Software defects bug everyone. What’s the best way to report and track them? Who will fix them, and when? What do we do with this big old pile of bug reports? Aren’t defect backlogs just waste? Should we track defects at all, or just fix them as they come up? In this session, we look at how agile teams address these issues, and how you can apply an agile approach to defects which will free your team to do better work. This session includes:
- Why you should use a DTS
- Why you shouldn’t use a DTS
- Alternatives to traditional bug reporting
- What to do with that long list of old bugs
- How to shift your team’s mindset to bug prevention
This one-hour talk introduces the Agile Testing Quadrants and how teams can use them to ensure that they consider all necessary types of tests, who will do each type, what tools and resources might be needed. and when during the iteration or release cycle they should be performed. Lisa does a longer tutorial on this subject as well.
This tutorial explores in-depth how teams use the Agile Testing Quadrants to ensure all dimensions of software quality in an agile project. Lisa explains the practical skills needed to adapt to whatever testing challenges arise.
Everyone on an agile team does testing. The lines between developers and testers have blurred. If I define myself as a tester on an agile team, what does that really mean? This presentation explores what differentiates “agile testers”, whether agile teams need different testing skill sets than traditional test teams, and what guides agile testers in their daily activities. Lisa Crispin suggests ways testers can acquire the results-oriented, customer-focused, collaborative and creative mindset that lets them and their agile teams succeed. This includes the Top Five Principles for an Agile Tester. This presentation is for testers, test/QA managers, and development managers.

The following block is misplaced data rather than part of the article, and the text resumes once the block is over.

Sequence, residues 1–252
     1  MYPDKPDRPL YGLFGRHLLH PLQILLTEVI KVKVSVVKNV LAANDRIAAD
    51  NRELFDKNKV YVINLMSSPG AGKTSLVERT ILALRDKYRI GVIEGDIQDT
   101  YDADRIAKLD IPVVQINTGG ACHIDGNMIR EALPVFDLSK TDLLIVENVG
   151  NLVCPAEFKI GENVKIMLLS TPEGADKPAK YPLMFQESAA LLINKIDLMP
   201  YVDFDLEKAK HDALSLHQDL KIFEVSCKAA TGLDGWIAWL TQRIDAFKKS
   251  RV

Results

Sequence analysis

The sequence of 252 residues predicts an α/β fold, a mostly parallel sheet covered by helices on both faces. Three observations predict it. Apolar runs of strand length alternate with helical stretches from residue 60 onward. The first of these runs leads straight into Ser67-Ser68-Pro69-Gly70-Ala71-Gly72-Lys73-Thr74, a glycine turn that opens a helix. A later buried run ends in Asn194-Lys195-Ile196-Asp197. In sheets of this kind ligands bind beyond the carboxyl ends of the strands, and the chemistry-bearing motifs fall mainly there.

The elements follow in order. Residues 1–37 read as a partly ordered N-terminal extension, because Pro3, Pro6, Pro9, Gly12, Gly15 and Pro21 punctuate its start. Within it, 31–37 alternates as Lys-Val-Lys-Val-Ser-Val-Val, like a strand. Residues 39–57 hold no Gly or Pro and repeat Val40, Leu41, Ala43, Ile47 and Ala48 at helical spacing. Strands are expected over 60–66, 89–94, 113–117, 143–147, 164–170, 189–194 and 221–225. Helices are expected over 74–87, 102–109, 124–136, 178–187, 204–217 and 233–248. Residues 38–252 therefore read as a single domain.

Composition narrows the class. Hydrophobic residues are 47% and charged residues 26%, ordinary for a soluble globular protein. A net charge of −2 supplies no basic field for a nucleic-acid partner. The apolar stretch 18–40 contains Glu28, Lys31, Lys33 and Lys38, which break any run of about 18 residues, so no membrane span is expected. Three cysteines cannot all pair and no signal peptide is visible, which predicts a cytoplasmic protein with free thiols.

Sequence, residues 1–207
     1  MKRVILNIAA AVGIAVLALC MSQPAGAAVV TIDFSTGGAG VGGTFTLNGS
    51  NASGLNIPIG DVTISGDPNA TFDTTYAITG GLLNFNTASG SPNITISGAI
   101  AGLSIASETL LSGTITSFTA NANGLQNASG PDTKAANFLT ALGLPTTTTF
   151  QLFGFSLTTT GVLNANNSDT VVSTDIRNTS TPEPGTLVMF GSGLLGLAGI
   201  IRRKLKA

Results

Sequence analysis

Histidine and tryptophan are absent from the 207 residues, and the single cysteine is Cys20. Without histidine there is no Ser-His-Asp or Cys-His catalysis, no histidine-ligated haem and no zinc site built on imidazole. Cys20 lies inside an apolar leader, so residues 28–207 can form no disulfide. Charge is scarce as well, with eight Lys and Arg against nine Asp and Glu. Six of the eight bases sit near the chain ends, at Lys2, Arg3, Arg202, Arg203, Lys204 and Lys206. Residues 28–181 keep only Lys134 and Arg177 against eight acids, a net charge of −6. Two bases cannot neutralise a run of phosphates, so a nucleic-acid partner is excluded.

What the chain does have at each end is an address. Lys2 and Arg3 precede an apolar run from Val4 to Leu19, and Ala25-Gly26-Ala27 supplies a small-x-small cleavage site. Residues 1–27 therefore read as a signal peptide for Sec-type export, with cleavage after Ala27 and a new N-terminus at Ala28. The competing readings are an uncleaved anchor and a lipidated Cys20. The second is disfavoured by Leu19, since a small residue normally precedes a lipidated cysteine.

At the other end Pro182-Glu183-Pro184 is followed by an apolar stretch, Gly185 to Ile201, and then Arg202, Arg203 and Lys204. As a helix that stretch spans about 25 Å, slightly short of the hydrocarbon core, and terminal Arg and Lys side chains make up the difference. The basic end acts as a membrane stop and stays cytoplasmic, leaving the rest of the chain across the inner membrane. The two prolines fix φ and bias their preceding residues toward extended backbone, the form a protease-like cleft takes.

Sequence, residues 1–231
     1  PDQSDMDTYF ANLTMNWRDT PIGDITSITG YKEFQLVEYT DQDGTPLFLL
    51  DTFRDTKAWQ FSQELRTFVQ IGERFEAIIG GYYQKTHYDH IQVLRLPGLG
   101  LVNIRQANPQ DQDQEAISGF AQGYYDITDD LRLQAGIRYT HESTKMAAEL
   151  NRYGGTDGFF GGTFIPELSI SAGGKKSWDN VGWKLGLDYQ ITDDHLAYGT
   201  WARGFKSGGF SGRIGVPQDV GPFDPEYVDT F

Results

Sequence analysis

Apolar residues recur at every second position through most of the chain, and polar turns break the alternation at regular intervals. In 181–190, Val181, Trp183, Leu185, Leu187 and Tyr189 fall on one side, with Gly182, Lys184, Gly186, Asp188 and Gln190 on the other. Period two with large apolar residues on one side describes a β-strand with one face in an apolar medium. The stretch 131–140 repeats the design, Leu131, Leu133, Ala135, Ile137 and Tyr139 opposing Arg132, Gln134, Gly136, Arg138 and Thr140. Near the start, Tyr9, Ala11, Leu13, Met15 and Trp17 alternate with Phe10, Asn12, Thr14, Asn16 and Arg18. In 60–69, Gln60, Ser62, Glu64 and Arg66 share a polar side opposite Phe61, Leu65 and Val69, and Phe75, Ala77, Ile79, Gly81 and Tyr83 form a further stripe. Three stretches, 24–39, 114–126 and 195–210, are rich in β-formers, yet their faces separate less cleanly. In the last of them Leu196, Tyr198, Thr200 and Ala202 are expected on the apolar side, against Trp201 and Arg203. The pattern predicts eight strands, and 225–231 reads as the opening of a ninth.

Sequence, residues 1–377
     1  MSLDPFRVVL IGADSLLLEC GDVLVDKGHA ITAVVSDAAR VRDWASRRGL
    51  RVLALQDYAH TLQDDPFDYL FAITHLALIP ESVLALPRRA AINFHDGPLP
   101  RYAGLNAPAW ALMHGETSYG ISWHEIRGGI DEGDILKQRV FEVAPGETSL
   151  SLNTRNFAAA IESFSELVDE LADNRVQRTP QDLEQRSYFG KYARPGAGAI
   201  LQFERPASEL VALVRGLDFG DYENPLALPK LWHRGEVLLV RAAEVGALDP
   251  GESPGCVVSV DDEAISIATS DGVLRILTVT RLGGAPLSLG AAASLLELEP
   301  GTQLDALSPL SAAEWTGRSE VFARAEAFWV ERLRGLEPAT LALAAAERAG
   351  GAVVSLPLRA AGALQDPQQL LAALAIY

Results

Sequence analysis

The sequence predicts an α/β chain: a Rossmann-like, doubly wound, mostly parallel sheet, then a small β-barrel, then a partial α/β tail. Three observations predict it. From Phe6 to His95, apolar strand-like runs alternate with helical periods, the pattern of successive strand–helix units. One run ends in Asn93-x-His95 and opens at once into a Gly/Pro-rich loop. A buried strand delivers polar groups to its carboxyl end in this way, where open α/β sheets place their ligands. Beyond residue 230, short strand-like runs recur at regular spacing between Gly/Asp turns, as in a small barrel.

A Tutorial for Transitioning Teams
Agile development may have “crossed the chasm”, but testers may feel they have been left on the other side. This tutorial gives testers who are used to phased and gated methodologies the tools they need to succeed on an agile team. Topics include:
- How testing “keeps up” in short agile iterations
- The role of QA managers in an agile organizatino